Every year, there are a handful of topics that dominate the conversations at the Cannes Lions International Festival of Creativity. Here’s what was—and wasn’t—top of mind for marketers and business leaders on the Croisette this past week.
AI was this year’s buzzword. As predicted, there was no hotter topic on the Croisette than generative AI. Business leaders approached the topic from all angles, from how marketers and creators can use the technology to improve content creation efficiencies and creative effectiveness to how the technology has ignited a new era of creativity.
The Weather Company’s activation was a case in point: The company partnered with artists like Alex Fefegha to generate AI images of how historical events could have played out had the weather been different, based on its weather data. “Generative AI is starting to be used by brands to take storytelling to new dimensions,” said Alasdair Lennox, global executive creative director of brand consulting firm Landor & Fitch, which won a Silver Lion award for innovation.
Gen Z took over the Croisette. Many marketers remarked that this year’s festival looked and felt much younger than in previous years. Nowhere was that more true than at TikTok’s daily Frosé Soirée happy hour. Over at Pinterest’s Gen Z-inspired beachfront activation, dubbed the “Pinterest Manifestival,” visitors could experience Gen Z trends IRL, including tattoos and tooth gems.
“Gen Z is our fastest-growing audience, and the way they use Pinterest is different,” said Julie Towns, Pinterest’s vice president of product marketing and product operations. “Older generations are more project- and planning-based, while Gen Z are using Pinterest to find themselves and their style.” Meanwhile, Pinterest CEO Bill Ready and CMO Andréa Mallard took to the main stage for a discussion on how tech impacts Gen Z’s mental well-being and how the company’s Inspired Internet Pledge, announced at Cannes, aims to fix that.
But members of Gen Z weren’t just there for the fun—they were also there to educate marketers: 22-year-old creator and business owner Emma Chamberlain spoke to a jam-packed audience at Spotify Beach about brand-building and navigating partnerships, while 23-year-old JUV Consulting founder Ziad Ahmed led a conversation about brand bravery with actress Auli’i Cravalho during Insider’s CMO breakfast.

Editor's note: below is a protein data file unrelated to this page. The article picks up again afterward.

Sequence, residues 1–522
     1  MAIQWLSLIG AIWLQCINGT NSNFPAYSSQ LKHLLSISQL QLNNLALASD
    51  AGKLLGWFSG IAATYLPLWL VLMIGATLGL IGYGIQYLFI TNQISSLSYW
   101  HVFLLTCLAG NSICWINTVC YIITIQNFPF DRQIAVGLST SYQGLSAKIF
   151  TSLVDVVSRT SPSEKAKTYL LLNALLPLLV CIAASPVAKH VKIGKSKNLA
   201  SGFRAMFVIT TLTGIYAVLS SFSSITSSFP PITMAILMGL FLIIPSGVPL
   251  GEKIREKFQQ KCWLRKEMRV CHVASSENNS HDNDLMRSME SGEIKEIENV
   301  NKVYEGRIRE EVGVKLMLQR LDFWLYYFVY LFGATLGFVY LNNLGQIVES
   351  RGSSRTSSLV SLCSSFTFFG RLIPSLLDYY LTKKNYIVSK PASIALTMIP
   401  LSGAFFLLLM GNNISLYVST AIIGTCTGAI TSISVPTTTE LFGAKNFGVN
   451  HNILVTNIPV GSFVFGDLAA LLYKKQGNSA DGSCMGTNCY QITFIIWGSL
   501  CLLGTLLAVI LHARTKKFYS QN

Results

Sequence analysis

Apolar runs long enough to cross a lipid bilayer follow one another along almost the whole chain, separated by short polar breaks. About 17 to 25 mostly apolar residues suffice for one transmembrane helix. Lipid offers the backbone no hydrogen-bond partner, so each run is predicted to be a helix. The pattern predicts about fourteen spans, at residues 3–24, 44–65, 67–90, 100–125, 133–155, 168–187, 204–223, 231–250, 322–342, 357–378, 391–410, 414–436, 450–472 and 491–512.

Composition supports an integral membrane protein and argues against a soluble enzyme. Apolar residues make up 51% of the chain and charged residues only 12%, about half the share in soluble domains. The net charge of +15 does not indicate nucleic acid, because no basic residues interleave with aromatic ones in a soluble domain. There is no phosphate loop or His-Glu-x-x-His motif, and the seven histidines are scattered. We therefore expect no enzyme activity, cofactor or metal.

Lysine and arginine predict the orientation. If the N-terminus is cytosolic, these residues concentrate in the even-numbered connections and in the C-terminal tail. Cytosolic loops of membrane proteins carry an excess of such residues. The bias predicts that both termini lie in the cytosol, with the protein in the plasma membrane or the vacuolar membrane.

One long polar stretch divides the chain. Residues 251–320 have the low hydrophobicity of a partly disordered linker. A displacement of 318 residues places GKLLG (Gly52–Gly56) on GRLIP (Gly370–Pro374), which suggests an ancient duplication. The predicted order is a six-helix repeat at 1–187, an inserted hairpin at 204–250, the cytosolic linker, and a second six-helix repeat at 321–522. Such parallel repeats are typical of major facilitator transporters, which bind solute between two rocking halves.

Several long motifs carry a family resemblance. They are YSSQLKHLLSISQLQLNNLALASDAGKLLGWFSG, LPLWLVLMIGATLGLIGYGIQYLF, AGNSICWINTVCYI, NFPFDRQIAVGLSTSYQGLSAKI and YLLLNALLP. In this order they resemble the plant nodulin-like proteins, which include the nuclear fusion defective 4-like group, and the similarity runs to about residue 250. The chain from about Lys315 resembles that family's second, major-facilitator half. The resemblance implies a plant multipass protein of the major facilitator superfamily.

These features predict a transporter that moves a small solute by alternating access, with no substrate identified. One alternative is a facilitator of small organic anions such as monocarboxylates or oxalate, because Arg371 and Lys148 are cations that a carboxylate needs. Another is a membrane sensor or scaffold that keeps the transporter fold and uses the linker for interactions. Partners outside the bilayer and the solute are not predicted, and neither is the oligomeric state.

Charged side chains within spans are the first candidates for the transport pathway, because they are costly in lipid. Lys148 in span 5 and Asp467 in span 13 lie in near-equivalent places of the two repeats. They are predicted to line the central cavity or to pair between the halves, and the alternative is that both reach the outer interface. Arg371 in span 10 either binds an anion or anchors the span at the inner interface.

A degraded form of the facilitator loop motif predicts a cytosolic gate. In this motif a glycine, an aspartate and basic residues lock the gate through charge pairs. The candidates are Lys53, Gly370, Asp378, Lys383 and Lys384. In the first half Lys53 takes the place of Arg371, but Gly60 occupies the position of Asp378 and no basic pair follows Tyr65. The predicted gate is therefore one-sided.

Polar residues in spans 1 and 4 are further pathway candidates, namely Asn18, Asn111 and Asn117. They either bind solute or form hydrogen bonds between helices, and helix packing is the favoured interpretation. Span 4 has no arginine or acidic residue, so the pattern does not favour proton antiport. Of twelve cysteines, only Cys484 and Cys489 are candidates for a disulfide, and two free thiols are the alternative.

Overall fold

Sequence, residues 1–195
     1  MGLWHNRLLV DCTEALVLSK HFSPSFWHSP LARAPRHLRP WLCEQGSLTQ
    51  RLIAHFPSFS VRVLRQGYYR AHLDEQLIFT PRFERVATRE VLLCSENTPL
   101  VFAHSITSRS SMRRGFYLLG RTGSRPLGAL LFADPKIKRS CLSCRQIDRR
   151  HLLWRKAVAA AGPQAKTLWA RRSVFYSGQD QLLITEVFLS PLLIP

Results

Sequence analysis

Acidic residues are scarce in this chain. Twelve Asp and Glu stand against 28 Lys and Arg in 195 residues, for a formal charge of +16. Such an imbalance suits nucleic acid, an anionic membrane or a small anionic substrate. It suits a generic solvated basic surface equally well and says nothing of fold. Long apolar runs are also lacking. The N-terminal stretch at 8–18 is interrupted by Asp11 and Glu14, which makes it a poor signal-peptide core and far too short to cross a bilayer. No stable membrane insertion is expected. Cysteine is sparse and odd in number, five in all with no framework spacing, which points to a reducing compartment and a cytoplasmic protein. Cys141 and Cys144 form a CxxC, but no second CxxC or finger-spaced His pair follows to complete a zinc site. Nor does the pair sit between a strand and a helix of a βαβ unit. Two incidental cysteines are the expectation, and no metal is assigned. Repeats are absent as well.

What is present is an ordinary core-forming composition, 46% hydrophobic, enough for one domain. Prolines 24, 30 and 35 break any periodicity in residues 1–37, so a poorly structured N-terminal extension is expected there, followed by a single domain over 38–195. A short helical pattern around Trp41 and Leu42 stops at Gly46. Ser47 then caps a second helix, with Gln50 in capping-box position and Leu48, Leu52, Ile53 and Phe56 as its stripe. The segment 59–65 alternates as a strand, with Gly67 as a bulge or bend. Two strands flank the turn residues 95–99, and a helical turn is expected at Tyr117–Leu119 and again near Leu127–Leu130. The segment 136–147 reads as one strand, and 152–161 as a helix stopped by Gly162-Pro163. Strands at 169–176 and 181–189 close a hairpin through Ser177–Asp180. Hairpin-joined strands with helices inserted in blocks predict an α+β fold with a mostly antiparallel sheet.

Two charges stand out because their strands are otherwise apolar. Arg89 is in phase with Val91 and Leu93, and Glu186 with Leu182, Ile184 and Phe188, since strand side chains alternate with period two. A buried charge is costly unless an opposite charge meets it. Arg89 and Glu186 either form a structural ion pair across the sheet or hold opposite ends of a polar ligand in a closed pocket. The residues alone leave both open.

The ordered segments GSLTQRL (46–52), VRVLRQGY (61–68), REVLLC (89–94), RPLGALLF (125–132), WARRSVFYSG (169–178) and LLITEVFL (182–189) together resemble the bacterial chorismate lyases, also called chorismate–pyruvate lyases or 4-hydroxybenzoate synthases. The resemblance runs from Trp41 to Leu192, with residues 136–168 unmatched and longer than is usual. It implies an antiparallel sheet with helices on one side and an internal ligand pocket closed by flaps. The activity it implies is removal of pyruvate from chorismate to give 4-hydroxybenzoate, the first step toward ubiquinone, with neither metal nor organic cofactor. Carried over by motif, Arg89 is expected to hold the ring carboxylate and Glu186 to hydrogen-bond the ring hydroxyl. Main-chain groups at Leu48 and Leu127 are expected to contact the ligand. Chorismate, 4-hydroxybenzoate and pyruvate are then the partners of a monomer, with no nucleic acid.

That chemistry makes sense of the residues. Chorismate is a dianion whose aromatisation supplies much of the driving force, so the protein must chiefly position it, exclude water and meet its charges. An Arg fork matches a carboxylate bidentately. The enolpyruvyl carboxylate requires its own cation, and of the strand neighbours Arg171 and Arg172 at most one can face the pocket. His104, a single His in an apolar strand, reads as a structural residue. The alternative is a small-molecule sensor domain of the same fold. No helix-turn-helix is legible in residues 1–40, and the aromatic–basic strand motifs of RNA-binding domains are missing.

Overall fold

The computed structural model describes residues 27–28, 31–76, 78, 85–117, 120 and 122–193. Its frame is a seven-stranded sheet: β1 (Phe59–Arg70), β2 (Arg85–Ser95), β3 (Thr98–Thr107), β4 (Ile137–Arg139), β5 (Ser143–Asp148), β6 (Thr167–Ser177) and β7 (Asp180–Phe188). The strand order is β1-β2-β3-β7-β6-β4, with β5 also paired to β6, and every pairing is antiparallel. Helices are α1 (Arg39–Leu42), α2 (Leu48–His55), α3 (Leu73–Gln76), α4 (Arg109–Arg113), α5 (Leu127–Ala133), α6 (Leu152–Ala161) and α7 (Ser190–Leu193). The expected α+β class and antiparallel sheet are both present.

The metaverse was missing. Marketers barely said “metaverse,” except to note that nobody was using the word. Instead, marketers stuck to words such as “immersive” to describe metaverse-like concepts, which were admittedly far fewer on the Croisette this year. Even Meta’s metaverse vision was muted, and its Reels activation was the centerpiece of Meta Beach this year.
While marketers shouldn’t take that as a sign that Meta is pivoting from the metaverse, Alvin Bowles, Meta’s vice president of global business group, Americas, said Reels is “a huge growth opportunity” and where the company’s focus is right now. Just this week, Meta expanded access to Instagram Reels ads to more advertisers, and announced several enhancements to Reels ad options on both Facebook and Instagram, like app promotion ads.
The economy wasn’t as big of a concern as last year. While executives like Blake Chandlee, TikTok’s vice president of global business solutions, acknowledged that the past year has been “challenging,” the overall mood at Cannes was joyous. It felt as if brands, agencies, and tech platforms have now adjusted to today’s economic reality and are even cautiously optimistic for H2 2023.
But one way in which the ad revenue slowdown was apparent was in the makeup of the players along the Croisette. Influencer marketing agencies like Whalar and Influential were posted up alongside Big Tech players like Meta and Google. While influencer marketing isn’t recession-proof, “it’s recession-resistant,” said Ryan Detert, CEO of Influential, adding that Influential, which took over Twitter Beach, would show up in an even bigger way next year.
More is to come on what the arrival of creators and influencer marketing to Cannes Lions means for the ad industry in next week’s Marketing and Advertising Briefing.
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